Worthington Cup Final - Shankly and His Successors Change Success-Rate; Liverpool Have Always Held the Upper Hand over the Blues, Whose 9-1 Win in December 1954 Remains the Anfield Club's Record Defeat, Writes Brian Halford

The Birmingham Post (England), February 24, 2001 | Go to article overview

Worthington Cup Final - Shankly and His Successors Change Success-Rate; Liverpool Have Always Held the Upper Hand over the Blues, Whose 9-1 Win in December 1954 Remains the Anfield Club's Record Defeat, Writes Brian Halford


Byline: Brian Halford

Birmingham City and Liverpool are among English football's oldest acquaintances, having first met 108 years ago.

Way back in the 1893-94 season, Blues provided the opposition for only the Merseyside club's fourth game after their elevation to the Football League.

Few natives of Merseyside populated the Liverpool squad in those formative days. There was, in fact, a massive Scottish presence - all 11 members of the Reds' team that lined up for their inaugural Football League game at Anfield, against Lincoln City, were Scottish and eight were 'Macs!'

MacLiverpool completed the double over Blues in that first season - 3-1 at Anfield in September and 4-3 at Muntz Street the following month - and have held the upper hand in duels between the clubs ever since. Of 98 league and cup meetings, Liverpool have won 52 to Blues' 26 with 20 draws.

The success-rate between the clubs was equally divided for the first half of the century. The statistics then started to lean heavily Liverpool's way during the 1970s and 1980s, when Bill Shankly and his successors built the Anfield club into English football's dominant force. Blues have had their moments down the years, though, and the cold winter's afternoon of December 11 1954, supplied the most sensational.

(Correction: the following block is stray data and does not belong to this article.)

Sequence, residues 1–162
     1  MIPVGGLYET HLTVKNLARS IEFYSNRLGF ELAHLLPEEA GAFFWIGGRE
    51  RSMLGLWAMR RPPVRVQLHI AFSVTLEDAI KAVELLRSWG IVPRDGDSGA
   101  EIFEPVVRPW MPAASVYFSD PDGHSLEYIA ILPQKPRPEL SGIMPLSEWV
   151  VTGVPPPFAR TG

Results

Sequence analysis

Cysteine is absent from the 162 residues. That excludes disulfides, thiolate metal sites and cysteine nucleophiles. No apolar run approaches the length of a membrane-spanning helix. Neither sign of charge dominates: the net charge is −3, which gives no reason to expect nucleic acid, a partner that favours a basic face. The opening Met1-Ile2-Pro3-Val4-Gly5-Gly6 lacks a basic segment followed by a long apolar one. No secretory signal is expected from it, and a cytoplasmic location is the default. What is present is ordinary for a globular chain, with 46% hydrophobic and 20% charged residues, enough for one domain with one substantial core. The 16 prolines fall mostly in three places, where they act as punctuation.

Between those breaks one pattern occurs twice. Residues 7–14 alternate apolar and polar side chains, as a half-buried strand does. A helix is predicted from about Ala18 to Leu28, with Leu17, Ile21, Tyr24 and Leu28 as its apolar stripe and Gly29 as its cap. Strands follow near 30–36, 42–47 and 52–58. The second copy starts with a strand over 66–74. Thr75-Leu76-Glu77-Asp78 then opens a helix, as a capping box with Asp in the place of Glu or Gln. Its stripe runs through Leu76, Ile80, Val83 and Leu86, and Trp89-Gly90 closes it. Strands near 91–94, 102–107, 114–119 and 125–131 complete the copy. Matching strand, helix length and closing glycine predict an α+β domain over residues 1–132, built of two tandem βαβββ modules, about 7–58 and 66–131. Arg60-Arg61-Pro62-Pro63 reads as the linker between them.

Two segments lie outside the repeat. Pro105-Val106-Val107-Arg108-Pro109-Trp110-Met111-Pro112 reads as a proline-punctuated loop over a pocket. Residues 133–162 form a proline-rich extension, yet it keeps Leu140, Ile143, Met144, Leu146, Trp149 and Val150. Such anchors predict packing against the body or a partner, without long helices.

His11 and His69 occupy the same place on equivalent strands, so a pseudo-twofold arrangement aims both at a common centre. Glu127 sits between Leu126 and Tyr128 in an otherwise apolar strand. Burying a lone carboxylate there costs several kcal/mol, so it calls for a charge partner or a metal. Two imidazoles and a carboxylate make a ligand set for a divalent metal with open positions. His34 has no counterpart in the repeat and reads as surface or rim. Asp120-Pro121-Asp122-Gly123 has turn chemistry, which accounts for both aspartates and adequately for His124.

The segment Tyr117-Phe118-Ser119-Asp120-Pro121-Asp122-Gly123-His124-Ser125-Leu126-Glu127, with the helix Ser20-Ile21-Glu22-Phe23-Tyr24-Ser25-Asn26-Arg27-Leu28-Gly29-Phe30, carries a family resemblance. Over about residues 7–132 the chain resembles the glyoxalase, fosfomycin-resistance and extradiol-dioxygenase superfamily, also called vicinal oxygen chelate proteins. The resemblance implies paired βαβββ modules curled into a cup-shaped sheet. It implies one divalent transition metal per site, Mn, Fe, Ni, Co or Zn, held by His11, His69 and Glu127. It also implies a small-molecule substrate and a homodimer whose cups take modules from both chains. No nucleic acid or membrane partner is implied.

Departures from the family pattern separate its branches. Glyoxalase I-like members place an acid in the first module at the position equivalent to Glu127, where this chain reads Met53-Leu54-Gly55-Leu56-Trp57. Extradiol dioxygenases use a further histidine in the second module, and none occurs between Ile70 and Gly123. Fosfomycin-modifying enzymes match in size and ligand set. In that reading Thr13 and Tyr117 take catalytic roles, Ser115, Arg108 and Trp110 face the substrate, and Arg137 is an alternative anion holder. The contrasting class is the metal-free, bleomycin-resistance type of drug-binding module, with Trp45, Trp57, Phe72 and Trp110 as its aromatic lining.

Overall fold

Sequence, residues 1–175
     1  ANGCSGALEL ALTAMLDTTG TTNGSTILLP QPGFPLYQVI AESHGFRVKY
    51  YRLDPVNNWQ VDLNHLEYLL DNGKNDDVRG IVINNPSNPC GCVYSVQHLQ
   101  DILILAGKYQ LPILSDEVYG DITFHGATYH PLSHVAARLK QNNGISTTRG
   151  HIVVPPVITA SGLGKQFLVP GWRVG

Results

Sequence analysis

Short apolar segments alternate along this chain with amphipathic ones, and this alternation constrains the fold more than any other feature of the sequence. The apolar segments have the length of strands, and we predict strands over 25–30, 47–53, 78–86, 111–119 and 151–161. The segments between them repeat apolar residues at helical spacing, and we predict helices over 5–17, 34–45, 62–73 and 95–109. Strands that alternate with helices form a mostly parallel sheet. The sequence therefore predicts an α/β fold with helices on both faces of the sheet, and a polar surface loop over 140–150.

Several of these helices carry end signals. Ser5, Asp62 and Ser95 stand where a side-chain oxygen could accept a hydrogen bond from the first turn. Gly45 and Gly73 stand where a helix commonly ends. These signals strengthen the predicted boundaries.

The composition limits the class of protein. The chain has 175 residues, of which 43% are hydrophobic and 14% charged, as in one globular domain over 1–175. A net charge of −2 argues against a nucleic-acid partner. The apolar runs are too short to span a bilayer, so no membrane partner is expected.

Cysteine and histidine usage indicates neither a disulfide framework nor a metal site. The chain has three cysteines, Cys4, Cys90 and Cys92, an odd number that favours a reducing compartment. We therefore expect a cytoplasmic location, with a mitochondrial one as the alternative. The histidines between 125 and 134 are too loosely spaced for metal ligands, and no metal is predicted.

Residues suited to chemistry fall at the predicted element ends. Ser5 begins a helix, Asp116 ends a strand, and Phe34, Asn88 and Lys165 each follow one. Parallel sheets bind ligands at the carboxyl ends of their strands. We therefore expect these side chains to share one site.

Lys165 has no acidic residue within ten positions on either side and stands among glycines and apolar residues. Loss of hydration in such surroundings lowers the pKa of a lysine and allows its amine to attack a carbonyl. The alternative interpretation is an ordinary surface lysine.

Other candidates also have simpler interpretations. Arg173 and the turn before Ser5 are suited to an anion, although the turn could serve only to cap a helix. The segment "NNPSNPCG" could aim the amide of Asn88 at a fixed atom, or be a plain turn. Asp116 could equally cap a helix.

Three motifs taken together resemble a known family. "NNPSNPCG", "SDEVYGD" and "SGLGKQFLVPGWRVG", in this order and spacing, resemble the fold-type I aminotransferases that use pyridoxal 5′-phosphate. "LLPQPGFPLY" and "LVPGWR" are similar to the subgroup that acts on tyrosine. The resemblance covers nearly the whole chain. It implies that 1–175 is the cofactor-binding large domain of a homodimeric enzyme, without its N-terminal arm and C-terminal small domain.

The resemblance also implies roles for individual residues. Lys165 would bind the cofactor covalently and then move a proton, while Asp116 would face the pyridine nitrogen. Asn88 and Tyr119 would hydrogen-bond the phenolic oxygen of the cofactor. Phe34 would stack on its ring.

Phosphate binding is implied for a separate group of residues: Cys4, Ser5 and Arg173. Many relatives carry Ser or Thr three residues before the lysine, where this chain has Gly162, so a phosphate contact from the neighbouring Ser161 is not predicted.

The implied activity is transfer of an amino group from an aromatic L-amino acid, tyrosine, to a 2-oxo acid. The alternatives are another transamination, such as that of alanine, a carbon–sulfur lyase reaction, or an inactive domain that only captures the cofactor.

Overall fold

Liverpool arrived at St Andrew's, having not lost in the previous nine matches between the clubs, but were still coming to terms with life in the Second Division following relegation from the First, where they had resided proudly for 47 seasons.

Approaching Christmas, both clubs had their eyes firmly fixed on promotion. Blues had been impressive all season at St Andrew's, having lost only one of nine games there. They had just trounced Port Vale 7-2, thanks mainly to Peter Murphy's hat-trick.

Liverpool arrived with a team of some quality, including Geoff Twentyman and Laurie Hughes in the half-back line and Scottish international Billy Liddell up front, but Blues stormed into them from the first kick. It took only 48 seconds for Jackie Lane to open the scoring and further goals followed at regular intervals.

Eddie Brown scored after 11 and 16 minutes and, although Liddell pulled it back to 3-1, Gordon Astall reinstated the three-goal advantage before half-time.

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